Bujarrabal V.,Observatorio Astronomico Nacional OAN IGN | Castro-Carrizo A.,Institute Of Radioastronomie Millimetrique | Alcolea J.,Observatorio Astronomico Nacional OAN IGN | Van Winckel H.,Catholic University of Leuven
Astronomy and Astrophysics | Year: 2015

Aims. So far, only one rotating disk has been clearly identified and studied in AGB or post-AGB objects (in the Red Rectangle), by means of observations with high spectral and spatial resolution. However, disks are thought to play a key role in the late stellar evolution and are suspected to surround many evolved stars. We aim to extend our knowledge on these structures. Methods. We present interferometric observations of 12CO J = 2-1 emission from the nebula surrounding the post-AGB star AC Her, a source belonging to a class of objects that share properties with the Red Rectangle and show hints of Keplerian disks. Results. We clearly detect the Keplerian dynamics of a second disk orbiting an evolved star. Its main properties (size, temperature, central mass) are derived from direct interpretation of the data and model fitting. With this we confirm that there are disks orbiting the stars of this relatively wide class of post-AGB objects. © ESO, 2015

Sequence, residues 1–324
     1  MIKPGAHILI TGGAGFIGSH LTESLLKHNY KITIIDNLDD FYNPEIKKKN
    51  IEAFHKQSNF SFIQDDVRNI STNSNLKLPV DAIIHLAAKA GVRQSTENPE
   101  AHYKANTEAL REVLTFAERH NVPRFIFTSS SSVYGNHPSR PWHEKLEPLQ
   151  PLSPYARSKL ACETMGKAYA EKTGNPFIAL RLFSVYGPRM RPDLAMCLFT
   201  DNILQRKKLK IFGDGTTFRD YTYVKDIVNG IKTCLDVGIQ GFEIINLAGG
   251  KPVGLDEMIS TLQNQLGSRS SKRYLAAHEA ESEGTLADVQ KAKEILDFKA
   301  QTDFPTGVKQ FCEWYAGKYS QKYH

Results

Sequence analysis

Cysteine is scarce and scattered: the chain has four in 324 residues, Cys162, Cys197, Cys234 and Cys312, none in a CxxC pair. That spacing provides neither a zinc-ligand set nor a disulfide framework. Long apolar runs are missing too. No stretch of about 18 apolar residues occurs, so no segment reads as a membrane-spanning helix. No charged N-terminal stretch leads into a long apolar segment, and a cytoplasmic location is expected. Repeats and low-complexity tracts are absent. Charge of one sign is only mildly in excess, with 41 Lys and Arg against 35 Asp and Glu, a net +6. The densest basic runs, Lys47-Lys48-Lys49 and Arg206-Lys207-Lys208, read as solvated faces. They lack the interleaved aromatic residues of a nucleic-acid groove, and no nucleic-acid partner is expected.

Bujarrabal V.,Observatorio Astronomico Nacional OAN IGN | Castro-Carrizo A.,Institute Of Radioastronomie Millimetrique | Alcolea J.,Observatorio Astronomico Nacional OAN IGN | Santander-Garcia M.,Observatorio Astronomico Nacional OAN IGN | And 3 more authors.
Astronomy and Astrophysics | Year: 2016